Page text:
This pattern is concerning given Pakistan’s high rate of urbanisation. While policymakers are rightly concerned about the implications of this trend for service delivery, housing, employment, and environmental degradation, its consequences for gender equality, particularly with regard to political participation, have so far received less attention. It also defies conventional wisdom about the drivers of political participation. Women in urban Pakistan are more highly educated, marry at later ages, and have greater say in household decision-making than their rural counterparts. These are all individual level factors generally associated with higher, not lower, political participation.

Urban turnout, interestingly, is lower than rural turnout in Pakistan, even among men. This tracks with similar patterns in neighbouring India, where turnout is lowest in its largest cities. There is little consensus on the reasons for this, though scholars have pointed to factors like apathy among middle-class voters and the challenges for internal migrants.

Yet, the higher gender gap in cities (illustrated in Figure 1), suggests that the metropolitan context is especially constraining for women’s political participation in Pakistan. A possible explanation is the barriers to women’s mobility, which may paradoxically be higher in cities, due to social norms and heightened concerns about women’s safety in dense and diverse urban settings. Further research to understand what is driving these patterns is key to designing the right policy levers to address the gap.

Implications for policy

The ECP’s efforts at increasing women’s electoral participation have largely focused on closing the gap in voter registration, rather than turnout. These efforts have also been successful, with the registration gap reducing for the first time in the leadup to the 2024 elections. The ECP has been able to achieve this through careful targeting of registration drives to areas with the highest registration gaps. However, the rural-urban pattern in women’s turnout does not extend to women’s registration (see Figure 2).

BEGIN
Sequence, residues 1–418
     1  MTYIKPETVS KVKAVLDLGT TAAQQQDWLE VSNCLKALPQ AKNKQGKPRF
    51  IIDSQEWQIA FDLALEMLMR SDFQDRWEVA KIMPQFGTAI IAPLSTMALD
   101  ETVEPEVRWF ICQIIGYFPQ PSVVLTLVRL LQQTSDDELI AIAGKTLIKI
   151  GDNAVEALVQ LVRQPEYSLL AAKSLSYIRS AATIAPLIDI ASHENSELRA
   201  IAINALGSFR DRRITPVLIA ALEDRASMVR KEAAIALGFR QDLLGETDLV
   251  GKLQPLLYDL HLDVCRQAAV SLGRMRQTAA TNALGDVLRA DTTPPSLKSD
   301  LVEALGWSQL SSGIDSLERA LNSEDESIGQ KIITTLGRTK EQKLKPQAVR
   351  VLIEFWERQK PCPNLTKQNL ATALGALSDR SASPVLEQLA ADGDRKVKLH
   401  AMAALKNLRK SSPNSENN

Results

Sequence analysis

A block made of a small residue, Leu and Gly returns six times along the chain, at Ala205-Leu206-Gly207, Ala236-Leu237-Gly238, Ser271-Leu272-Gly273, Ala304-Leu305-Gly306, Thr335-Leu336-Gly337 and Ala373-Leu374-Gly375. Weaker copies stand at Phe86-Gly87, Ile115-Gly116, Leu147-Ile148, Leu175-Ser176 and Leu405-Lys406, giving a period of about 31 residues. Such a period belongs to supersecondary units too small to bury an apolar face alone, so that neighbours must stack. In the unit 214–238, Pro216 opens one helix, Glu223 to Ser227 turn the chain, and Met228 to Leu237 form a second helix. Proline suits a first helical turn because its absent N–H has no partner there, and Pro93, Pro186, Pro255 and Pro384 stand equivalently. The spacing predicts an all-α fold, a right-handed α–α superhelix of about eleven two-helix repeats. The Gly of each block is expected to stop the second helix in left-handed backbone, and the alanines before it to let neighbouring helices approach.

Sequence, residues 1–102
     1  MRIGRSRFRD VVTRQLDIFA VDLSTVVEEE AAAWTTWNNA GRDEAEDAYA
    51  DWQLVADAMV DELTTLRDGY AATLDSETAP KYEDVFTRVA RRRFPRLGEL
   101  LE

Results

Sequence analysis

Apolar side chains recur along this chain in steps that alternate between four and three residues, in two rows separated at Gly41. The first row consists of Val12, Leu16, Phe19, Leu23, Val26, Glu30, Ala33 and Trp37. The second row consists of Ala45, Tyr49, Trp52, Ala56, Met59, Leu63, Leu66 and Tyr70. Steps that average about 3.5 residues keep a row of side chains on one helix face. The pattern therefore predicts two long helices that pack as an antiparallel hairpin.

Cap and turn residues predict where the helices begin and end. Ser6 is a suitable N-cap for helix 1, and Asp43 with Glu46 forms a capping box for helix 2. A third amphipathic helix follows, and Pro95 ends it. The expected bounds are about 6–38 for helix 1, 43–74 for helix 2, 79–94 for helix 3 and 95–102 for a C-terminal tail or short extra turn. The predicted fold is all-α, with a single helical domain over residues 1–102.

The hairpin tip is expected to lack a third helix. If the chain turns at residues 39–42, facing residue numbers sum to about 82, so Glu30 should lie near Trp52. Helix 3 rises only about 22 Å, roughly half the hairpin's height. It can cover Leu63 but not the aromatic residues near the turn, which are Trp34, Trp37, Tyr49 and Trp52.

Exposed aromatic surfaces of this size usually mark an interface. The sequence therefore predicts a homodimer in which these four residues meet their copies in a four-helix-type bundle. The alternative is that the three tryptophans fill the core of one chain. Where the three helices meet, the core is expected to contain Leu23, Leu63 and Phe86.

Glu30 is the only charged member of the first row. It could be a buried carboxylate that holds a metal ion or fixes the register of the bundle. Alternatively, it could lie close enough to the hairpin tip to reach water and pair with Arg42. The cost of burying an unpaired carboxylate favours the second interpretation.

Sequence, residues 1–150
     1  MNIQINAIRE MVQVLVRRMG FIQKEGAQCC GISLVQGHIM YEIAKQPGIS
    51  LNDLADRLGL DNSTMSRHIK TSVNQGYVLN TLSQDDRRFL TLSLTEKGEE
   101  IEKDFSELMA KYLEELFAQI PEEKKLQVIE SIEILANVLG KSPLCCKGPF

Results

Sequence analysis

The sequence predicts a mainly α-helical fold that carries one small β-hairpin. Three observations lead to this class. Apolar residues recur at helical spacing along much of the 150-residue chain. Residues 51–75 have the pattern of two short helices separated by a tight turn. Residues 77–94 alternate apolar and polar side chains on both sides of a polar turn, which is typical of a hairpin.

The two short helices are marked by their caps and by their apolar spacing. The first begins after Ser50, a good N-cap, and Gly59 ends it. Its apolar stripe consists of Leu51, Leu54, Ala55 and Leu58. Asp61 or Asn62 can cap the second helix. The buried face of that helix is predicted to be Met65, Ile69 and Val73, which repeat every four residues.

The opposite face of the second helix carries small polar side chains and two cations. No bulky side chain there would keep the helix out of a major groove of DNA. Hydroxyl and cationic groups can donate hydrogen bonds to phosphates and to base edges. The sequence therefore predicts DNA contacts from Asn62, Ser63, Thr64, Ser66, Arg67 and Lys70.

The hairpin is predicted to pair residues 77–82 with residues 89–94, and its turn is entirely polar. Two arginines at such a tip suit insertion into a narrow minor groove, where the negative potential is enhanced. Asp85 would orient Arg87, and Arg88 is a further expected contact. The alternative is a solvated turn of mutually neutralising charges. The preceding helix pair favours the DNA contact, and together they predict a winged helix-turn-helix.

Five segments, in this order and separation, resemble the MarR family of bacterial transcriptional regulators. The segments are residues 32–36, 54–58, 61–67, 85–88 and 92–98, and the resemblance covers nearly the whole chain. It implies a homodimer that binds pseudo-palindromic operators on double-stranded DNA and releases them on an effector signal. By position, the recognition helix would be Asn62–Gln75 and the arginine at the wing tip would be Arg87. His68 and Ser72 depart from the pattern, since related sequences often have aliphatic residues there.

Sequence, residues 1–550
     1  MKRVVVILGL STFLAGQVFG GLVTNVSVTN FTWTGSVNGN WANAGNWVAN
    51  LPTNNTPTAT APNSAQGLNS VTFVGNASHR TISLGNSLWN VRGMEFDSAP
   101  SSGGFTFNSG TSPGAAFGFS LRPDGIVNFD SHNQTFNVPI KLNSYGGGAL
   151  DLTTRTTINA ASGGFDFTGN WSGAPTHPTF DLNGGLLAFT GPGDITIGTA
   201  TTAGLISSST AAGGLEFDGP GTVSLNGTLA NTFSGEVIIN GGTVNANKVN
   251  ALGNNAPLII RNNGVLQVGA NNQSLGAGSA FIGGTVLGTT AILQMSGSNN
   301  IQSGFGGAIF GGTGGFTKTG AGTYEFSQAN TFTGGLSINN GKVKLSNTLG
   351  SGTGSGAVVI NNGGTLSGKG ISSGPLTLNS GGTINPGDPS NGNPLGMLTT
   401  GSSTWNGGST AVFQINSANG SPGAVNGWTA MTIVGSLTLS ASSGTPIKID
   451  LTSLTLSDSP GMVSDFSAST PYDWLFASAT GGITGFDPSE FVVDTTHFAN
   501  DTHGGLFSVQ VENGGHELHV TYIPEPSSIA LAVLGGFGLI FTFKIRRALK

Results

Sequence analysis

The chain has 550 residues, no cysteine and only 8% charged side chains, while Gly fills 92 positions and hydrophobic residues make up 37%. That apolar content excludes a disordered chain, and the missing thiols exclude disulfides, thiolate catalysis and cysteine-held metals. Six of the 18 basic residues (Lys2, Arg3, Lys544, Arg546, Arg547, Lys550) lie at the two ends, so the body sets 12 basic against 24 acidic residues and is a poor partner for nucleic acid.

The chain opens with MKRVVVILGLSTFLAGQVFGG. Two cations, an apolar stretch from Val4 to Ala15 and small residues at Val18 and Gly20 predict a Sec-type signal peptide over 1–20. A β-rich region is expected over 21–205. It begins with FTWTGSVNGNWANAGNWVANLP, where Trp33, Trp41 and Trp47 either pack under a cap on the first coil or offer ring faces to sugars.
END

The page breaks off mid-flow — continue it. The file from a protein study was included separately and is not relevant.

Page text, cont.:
Figure 2: Women’s share among registered voters by province and metro area (2018 and 2024)

Figure 2
Notes: The percentage of women among registered voters increased from 2018 to 2024. It is at or above 45% in all areas in 2024, except in Balochistan metro, where it is above 40%. Figure generated by the author.

Geographically targeted efforts to increase women’s turnout need to involve a strategy that accurately reflects the spatial variation in turnout. Bundling efforts to increase both registration and turnout in the same drives is unlikely to be effective.

To design effective and context-appropriate policy measures, we need to understand whether and how the constraints faced by women in cities are different. A comparison of field experiments conducted by Gine and Mansuri (2018) and by Cheema et al (2023) shows that while individual awareness campaigns targeted to women in rural Sindh improved their turnout, a similar intervention in urban Lahore was ineffective, unless it also targeted men in households. A one-size-fits-all approach is unlikely to be effective.

To better understand the constraints to urban women’s political participation, in ongoing work supported by the IGC, we will conduct surveys with women in matched rural and urban polling areas to understand their participation decisions, and constraints faced in the most recent 2024 elections. This is with a view to generate evidence that could inform context-specific policy measures to improve women’s turnout in future local and national level elections.